The Cincinnati Reds (64-87) tested the fortitude of the fans who continue to pay them some form of attention as they got blasted by the Milwaukee Brewers (86-65) 0-8, Monday night.
Anthony DeSclafani (7-6, 4.92 ERA) continued his struggles as he allowed four runs on seven hits in five innings. The Brewers scored three runs in the fifth and four runs in the sixth, but, really, the one they scored in the third was all they needed.
Christian Yelich (4-for-4) became the first player in the history of baseball to hit two cycles in one year against one team.
The most the Reds threatened was in the fourth inning when Scooter led off with a single. A bunt into a fielder’s choice and another single later gave the Reds runners on first and second with one out and Disco up to bat. Yet another bunt was called, which successfully moved over the runners, but Billy Hamilton grounded out to end the threat. That’s it. The Reds were, largely, toothless from the batter’s box, on Monday.
Due to Yelich’s cycle and Scooter’s 1-for-3 performance, they both are now tied for the NL batting title at .318 with 11 games to play.
Fox Sports Ohio loved the Reds’ performance, so much, that the postgame interview on the field was courtesy of Fox Sports Wisconsin as they interviewed Yelich.
Real quick, because the thought is permeating my mind and I have to write about this. Bunting stinks. It was a “whoa buddy” thought whenever sabermetrics and Moneyball first started, but now there are numbers to back it up. Here is a run expectancy chart, as seen on FanGraphs.com:
|Runners||0 Outs||1 Out||2 Outs|
|1 _ _||0.831||0.489||0.214|
|_ 2 _||1.068||0.644||0.305|
|1 2 _||1.373||0.908||0.343|
|_ _ 3||1.426||0.865||0.413|
|1 _ 3||1.798||1.140||0.471|
|_ 2 3||1.920||1.352||0.570|
|1 2 3||2.282||1.520||0.736|
Quick explanation – the numbers above represent the average runs a team can expect based on the base runner situation, given the number of outs in an inning. Notice anything? The number is higher for a runner on first with no outs versus a runner on second with one out. This means that, if a sac bunt is successful, then it actually is more detrimental to a team’s run-scoring ability. That’s math, not an opinion.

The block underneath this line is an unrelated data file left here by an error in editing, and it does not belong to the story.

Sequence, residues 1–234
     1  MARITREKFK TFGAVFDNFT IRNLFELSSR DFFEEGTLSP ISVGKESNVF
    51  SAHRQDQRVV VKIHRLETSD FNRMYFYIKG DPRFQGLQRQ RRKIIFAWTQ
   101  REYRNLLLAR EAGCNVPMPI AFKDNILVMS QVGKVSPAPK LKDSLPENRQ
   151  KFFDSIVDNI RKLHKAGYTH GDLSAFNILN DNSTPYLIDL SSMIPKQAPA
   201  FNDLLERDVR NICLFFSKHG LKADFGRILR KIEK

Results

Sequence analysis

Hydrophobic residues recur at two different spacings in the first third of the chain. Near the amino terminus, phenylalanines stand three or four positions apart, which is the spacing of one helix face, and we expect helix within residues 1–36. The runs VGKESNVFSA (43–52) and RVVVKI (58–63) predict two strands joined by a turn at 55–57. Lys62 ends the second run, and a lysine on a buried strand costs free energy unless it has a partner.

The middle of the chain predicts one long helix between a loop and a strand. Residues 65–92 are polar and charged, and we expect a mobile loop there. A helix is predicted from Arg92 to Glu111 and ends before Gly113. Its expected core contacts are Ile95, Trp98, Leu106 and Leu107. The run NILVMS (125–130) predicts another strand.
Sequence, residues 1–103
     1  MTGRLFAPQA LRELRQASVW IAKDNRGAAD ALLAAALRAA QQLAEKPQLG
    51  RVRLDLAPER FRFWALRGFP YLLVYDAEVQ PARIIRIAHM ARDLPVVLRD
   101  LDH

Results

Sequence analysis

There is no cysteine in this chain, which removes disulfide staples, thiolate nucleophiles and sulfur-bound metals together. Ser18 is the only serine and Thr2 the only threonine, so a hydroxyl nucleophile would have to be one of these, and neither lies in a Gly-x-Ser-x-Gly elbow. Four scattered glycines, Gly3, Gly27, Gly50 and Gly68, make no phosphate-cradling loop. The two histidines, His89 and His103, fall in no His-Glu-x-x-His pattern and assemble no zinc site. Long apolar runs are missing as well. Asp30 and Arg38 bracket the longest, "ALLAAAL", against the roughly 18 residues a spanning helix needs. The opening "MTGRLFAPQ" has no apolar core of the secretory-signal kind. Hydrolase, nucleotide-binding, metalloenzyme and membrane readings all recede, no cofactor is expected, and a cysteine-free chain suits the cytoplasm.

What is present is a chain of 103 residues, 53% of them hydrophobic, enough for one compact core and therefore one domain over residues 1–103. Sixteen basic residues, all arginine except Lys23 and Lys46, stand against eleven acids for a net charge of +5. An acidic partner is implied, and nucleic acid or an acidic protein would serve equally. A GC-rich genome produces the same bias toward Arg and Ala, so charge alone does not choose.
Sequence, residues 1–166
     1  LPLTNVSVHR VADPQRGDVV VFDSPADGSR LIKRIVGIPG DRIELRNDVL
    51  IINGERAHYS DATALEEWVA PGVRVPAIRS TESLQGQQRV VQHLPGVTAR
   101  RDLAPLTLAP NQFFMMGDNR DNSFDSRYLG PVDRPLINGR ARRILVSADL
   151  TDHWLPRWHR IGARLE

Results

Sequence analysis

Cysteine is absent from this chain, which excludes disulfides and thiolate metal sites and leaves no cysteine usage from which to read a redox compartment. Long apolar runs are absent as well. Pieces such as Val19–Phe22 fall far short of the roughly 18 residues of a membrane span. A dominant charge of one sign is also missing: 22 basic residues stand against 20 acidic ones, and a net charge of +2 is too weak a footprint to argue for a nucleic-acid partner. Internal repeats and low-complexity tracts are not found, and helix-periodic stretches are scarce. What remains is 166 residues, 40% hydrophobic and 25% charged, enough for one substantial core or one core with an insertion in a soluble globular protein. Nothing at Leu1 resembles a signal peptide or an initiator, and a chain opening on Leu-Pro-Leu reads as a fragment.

The Boston Red Sox lead the majors in runs scored, with 799. The Red Sox also have the second-fewest sacrifice hits in the majors, with six. The New York Yankees are the second in runs scored at 763, but have just 10 sacrifice hits (5th least in MLB). The Cleveland Indians have scored the third most runs at 752 and have 22 sacrifice hits, which is more than double the Yankees, but still bottom half of MLB. The Reds have scored 672 runs, 127 less than the Red Sox, but lead the world in sacrifice hits with 47. Now I am no major league manager, I know this, but it just does not equate. Stop. Bunting.
The Reds and Brewers do it again tomorrow. I’ll be watching and tweeting (@jefffcarr) and also follow @lockedonReds, if you haven’t already done so. We’ll be with you, when the calendar turns to the offseason, so keep it tuned here!
As the clock hit 6:30 pm, last Saturday, I was ready to go to Great American Ballpark. That’s when my wife reminded me that it was December. Every year the Cincinnati Reds put on a first class party for their fans called Redsfest and they’re pretty good at what they do.
I got to meet Michael Lorenzen, Tyler Mahle, Ibandel Isabel, and Jimmy Herget. I got my copy of “The Big 50” signed by Chad Dotson and Chris Garber, made a video with Mo Egger, and talked shop with Doug Gray. Okay, I get it, enough with the name dropping. Basically, it was fun.
I made it a point to ask some light-hearted questions (or in Lorenzen’s case, make a light-hearted, but factual, statement) to see what their reactions would be.